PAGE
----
Feb. 3, 2017, 4 p.m.
Americans spend a whopping 60 billion dollars annually on weight loss diets and products annually*. With that being said, I think it is safe to assume each of us knows someone at any given moment who is trying to lose weight or eat healthier. Try opening a magazine or the newspaper, turning on the TV, or listening to the radio without coming across a weight loss ad. We live in a society that is constantly bombarded with the idea that thinness needs to be high on the priority list. We live in a society that glamorizes and often requires us to fit a certain body type.
Living in this kind of society is difficult enough for a “normal eater,” let alone someone in recovery from an eating disorder. When I first left treatment where diet talk was strictly prohibited, I remember being completely shocked and hyper aware of the constant, never ending food talk. It felt overwhelming. It made me feel like there was something wrong with me; like I was the outsider going against the norm. Recovery can be a lonely place for this reason. To make things worse, sometimes when I voiced my struggles and politely asked others to limit diet talk around me, it often backfired. Or people might comment about how I was eating “unhealthy” if I had poptarts for breakfast. That was difficult to hear considering I just spent months retraining my brain to be okay eating similar fear foods.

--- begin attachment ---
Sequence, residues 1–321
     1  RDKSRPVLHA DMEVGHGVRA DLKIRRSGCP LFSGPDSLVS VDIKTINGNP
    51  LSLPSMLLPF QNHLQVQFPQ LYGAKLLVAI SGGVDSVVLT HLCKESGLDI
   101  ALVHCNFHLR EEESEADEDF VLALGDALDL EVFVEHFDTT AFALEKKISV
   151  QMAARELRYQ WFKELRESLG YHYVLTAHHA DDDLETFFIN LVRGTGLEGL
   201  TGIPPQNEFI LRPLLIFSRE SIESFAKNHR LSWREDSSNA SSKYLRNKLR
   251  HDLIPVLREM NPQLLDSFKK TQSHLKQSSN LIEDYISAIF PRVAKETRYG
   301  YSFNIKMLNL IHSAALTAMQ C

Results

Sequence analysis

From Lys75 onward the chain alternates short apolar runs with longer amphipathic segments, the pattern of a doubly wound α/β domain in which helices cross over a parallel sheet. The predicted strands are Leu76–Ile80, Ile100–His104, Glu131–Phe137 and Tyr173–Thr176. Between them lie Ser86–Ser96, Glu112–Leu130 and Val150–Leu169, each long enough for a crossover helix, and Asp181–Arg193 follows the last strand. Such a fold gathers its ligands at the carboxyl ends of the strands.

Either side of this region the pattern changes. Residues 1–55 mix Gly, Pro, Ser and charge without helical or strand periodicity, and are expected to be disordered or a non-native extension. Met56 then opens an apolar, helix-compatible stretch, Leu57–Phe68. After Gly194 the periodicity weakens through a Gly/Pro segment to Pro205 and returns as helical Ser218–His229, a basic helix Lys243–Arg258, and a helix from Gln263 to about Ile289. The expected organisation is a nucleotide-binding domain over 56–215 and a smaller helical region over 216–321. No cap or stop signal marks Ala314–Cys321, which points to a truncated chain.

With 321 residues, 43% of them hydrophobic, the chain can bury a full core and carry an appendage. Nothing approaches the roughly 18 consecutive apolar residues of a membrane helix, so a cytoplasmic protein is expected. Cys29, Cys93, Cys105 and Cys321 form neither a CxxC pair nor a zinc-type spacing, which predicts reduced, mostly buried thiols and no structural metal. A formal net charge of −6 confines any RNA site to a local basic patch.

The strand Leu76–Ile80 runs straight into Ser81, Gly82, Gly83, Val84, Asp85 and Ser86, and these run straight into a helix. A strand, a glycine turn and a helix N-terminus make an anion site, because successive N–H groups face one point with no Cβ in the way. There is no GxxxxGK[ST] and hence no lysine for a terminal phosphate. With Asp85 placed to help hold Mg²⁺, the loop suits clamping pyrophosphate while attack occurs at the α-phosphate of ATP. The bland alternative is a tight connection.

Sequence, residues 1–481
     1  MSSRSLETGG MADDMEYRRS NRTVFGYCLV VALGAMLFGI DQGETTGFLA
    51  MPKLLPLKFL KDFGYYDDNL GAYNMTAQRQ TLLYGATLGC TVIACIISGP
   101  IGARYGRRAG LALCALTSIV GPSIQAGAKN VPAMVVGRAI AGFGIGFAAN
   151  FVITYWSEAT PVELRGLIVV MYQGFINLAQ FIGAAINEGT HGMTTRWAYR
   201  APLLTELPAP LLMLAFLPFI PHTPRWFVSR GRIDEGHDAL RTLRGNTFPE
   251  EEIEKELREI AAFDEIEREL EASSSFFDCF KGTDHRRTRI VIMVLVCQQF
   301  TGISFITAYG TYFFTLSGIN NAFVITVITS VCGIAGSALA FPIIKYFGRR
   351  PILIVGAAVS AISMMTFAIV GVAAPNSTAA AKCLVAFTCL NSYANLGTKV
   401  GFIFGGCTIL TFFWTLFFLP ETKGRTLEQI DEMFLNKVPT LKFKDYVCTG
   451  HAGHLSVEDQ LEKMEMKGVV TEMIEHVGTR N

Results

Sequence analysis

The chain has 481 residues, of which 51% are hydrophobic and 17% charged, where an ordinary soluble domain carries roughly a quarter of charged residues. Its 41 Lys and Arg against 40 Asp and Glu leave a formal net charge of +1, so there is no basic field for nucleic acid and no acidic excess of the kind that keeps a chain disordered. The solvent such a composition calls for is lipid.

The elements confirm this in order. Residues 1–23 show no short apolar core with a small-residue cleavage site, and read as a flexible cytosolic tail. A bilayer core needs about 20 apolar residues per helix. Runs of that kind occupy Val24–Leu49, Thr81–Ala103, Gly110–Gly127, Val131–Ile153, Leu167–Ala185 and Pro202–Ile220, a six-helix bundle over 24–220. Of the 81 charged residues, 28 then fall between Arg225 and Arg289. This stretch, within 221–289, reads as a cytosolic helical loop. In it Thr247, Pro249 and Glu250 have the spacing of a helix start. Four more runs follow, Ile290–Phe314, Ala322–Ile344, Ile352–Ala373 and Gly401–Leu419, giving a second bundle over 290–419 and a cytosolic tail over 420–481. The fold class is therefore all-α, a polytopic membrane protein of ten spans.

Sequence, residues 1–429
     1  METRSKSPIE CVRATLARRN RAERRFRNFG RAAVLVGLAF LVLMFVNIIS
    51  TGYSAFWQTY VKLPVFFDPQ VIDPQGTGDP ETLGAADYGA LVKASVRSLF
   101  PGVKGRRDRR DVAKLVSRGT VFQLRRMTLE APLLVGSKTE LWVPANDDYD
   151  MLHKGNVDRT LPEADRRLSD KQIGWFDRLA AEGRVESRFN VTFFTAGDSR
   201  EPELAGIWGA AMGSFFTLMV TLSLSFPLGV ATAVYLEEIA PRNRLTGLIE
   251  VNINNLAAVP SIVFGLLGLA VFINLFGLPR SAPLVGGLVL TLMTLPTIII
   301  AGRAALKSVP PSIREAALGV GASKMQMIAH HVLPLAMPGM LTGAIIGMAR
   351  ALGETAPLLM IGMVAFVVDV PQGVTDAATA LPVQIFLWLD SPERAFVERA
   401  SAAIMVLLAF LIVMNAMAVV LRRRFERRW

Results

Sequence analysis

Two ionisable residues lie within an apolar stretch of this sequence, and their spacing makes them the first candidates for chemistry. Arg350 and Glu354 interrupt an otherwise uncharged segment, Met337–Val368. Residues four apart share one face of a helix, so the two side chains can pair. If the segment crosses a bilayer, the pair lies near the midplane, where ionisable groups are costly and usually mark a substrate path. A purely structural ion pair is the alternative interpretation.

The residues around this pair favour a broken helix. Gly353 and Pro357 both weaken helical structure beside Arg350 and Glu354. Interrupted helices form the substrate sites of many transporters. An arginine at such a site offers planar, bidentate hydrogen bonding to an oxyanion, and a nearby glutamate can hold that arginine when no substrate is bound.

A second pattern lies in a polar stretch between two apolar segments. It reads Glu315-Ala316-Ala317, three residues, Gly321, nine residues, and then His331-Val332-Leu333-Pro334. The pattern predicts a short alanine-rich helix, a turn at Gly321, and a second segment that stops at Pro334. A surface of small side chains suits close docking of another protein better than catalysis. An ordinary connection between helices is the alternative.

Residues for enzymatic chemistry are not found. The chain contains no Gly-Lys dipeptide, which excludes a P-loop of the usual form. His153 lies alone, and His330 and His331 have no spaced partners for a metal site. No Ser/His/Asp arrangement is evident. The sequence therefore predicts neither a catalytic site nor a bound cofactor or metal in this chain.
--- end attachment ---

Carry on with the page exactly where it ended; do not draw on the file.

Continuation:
Luckily, over the years I have developed a thicker skin and come up with some strategies to help me deal with this ever present trigger. Here are some ways to stay strong in your recovery while living in a diet-obsessed world:
Even though it can feel overwhelming and nearly impossible to live in this diet obsessed world, it is important to keep in mind there are ways to make it happen and put your recovery first. For me, it feels incredibly empowering to know I do not need to allow others to influence the choices I make for myself today. I spent way too many years caught up in my eating disorder to waste the precious time I have now worrying about weight and numbers. If I can do it, with time and a little practice, you most definitely can do it, too.
Kelsi Cronkright is a 28 year old woman in recovery from both anorexia and alcoholism. She is currently in the final year of her social work degree and has plans to use her past experiences to help those with similar struggles. Kelsi also has her own personal blog (Progression Obsession), is a writer for Libero Network, and hopes to break the social stigma in involved in what it means to be an addict
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